It felt like revisiting cinema history in a very special way. Travelling a long way to see it all made it even more of an event.

AFTER RENOVATION

PUNTERS WAITING FOR THE FILM INCLUDING ME

..
THE RENOVATED BALCONY

Between the first visit to the theatre and the return to see a film, we also went by train to La Ciotat station. This was to make sure we found the place which has become famous for the short film:
The Arrival of a Train at La Ciotat Station. This 50-second silent film shows the entry of a train pulled by a steam locomotive into the station. Like most of the early Lumière films, L'arrivée d'un Train en Gare de La Ciotat consists of a single, unedited view illustrating an aspect of everyday life. There is no apparent intentional camera movement, and the film consists of one continuous real-time shot.
There are reports that the cinema audiences were so terrified by the train coming towards them seemingly out of the screen, that they rushed out of their seats.
The moving images had an immediate and significant influence on popular culture. Their actuality films, or actualités, are often cited as the first, primitive documentaries.

A STILL FROM THE FILM SHOWING
THE ARRIVAL OF A TRAIN AT LA CIOTAT STATION. OVER 100 YEARS AGO!
LA CIOTAT STATION TODAY.....

....WHERE THERE IS A PLAQUE COMMEMORATING THE FAMOUS FILM....

....AND PHOTOS OF THE BROTHERS AND A STILL ON THE LEFT FROM THE ORIGINAL FILM SHOWING THE TRAIN.

The Lumière brothers clearly knew that the effect would be dramatic if they placed the camera on the platform very close to the arriving train. Another significant aspect of the film is that it illustrates the use of the long shot to establish the setting of the film, followed by a medium shot, and close-up. As the camera is static for the entire film, the effect of these various "shots" is affected by the movement of the subject alone. The train arrives from a distant point and bears down on the viewer, finally crossing the lower edge of the screen.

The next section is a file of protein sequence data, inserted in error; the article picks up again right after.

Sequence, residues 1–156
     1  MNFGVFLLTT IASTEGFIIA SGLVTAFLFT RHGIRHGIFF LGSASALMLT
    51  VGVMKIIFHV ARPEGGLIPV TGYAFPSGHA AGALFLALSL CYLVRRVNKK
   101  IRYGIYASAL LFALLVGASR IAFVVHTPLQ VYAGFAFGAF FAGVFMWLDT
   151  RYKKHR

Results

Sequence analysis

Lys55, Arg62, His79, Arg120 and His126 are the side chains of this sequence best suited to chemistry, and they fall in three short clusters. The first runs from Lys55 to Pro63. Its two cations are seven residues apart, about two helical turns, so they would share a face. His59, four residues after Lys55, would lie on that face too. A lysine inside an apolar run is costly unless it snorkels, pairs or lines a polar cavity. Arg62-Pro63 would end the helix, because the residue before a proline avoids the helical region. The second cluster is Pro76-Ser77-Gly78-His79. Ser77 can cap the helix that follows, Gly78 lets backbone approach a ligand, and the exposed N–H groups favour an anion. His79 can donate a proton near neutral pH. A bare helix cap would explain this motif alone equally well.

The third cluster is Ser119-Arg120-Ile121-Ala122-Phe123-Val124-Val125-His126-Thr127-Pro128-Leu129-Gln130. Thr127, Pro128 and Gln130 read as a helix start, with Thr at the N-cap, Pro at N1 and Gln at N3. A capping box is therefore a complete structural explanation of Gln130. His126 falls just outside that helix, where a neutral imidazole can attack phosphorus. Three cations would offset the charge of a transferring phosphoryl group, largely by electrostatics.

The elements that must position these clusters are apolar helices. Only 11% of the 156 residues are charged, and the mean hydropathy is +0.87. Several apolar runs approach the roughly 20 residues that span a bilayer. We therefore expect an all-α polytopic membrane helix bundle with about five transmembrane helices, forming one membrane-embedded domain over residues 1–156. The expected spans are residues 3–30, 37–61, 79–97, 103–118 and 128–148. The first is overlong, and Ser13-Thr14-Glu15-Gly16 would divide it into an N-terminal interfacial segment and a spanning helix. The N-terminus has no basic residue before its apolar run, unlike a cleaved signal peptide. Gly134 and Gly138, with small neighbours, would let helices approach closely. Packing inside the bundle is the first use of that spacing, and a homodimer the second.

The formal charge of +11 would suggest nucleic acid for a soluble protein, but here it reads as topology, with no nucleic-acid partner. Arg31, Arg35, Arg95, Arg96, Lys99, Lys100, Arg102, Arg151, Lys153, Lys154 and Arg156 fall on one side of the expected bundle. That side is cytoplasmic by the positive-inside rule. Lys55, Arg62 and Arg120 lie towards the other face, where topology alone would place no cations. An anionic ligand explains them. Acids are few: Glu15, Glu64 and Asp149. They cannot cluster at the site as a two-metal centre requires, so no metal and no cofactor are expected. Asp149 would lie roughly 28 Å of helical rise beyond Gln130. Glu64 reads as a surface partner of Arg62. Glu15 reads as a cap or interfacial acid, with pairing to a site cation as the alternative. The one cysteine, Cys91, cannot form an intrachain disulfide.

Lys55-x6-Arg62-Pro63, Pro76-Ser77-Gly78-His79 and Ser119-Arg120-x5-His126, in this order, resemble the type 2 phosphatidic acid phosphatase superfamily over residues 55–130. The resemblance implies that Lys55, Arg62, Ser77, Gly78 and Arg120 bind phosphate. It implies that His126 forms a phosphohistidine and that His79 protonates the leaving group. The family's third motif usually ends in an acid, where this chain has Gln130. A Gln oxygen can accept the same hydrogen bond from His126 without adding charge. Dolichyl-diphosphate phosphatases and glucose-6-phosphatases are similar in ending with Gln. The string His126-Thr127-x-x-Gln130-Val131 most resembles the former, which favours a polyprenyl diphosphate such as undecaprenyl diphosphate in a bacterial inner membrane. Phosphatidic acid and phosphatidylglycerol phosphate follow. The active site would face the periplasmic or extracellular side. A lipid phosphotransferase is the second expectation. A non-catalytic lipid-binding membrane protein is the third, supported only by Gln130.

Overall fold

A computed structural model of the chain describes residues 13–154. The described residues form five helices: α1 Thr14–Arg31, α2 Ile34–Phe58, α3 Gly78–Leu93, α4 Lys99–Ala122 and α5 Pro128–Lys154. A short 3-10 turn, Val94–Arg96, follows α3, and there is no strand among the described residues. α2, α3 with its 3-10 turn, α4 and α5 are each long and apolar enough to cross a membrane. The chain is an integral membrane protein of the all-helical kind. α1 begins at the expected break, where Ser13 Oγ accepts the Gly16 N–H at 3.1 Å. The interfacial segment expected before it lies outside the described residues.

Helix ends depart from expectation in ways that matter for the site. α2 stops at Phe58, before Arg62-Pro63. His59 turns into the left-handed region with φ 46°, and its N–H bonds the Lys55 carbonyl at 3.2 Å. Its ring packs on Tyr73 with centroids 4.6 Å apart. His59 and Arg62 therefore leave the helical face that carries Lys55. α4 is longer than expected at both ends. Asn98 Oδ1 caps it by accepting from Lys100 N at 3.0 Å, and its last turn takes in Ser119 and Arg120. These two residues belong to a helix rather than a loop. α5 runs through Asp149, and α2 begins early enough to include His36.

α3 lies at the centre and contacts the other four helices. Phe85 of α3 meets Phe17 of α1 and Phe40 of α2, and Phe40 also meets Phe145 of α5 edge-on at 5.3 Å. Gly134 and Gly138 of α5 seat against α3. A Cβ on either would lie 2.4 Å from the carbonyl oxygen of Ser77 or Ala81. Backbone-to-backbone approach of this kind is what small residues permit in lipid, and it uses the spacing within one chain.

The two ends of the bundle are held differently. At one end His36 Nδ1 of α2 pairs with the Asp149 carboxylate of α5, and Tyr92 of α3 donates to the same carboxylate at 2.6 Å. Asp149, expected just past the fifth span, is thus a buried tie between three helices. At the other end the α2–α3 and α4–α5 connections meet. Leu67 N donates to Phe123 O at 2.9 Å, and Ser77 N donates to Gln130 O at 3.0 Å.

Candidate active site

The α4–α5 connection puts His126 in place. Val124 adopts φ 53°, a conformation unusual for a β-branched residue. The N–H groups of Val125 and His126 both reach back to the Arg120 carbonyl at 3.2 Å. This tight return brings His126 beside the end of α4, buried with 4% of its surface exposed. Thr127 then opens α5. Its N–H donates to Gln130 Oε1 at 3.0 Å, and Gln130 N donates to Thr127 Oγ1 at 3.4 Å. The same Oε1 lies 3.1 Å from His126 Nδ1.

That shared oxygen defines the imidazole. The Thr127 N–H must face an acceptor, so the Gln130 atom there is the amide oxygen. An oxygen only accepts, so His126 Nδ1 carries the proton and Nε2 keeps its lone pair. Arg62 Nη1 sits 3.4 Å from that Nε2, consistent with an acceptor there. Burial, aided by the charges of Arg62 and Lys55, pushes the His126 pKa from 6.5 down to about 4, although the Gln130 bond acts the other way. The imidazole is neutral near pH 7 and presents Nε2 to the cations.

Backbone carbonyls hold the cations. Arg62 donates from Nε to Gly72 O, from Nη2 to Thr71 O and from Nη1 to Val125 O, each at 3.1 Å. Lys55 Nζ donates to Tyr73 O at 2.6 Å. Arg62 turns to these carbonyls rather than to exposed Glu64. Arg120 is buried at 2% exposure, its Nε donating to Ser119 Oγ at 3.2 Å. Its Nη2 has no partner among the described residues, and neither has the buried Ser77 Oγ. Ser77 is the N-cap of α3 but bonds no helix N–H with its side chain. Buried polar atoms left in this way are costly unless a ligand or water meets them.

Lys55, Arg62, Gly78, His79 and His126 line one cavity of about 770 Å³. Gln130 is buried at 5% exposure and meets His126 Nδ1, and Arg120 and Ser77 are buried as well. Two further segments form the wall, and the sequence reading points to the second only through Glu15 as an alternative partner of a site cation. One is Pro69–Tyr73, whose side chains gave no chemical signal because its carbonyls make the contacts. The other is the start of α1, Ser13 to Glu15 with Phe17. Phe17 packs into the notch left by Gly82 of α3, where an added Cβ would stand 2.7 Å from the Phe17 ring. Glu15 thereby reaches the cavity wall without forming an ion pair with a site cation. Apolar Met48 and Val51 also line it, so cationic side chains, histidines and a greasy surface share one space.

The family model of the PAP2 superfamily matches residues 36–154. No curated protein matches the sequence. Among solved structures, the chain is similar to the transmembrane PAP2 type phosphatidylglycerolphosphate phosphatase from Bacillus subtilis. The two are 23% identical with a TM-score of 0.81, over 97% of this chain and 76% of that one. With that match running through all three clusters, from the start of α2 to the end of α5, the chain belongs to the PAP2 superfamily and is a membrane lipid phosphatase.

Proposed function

At present, the station is well served by buses going to the seafront so a trip to see the cinema also doesn't have to be by bus from Marseille.
Marseille is a great place to visit too with new museums and good public transport. The trilogy of films Marius, Fanny and Cesar (1931)were also made in the little port west of Marseille, L'Estaque. They have been remade by French actor/director Daniel Auteil. The first two are due out in the new year (2014)
For film lovers La Ciotat is a wonderful place to visit. Another three of the earliest Lumière films, Partie de Cartes, l'Arroseur Arrosé (the first known filmed comedy), and Repas de Bébé, were also filmed in La Ciotat in 1895, at the Villa du Clos des Plages, the summer holiday home of the Lumière Brothers. In 1904 the Lumiere Brothers also developed the worlds first colour photographs in La Ciotat.

Diane Thomas
November 2013
Bracknell Film Society

Click on the icon below to view a short compilation of the Lumière brothers work on You Tube.
Remember you are watching a 120 year old film that even includes 'trick' photography!
Thank you Auguste and Louis Lumière.

To return to the BFS website from You Tube - just click the left arrow top left of You Tube web page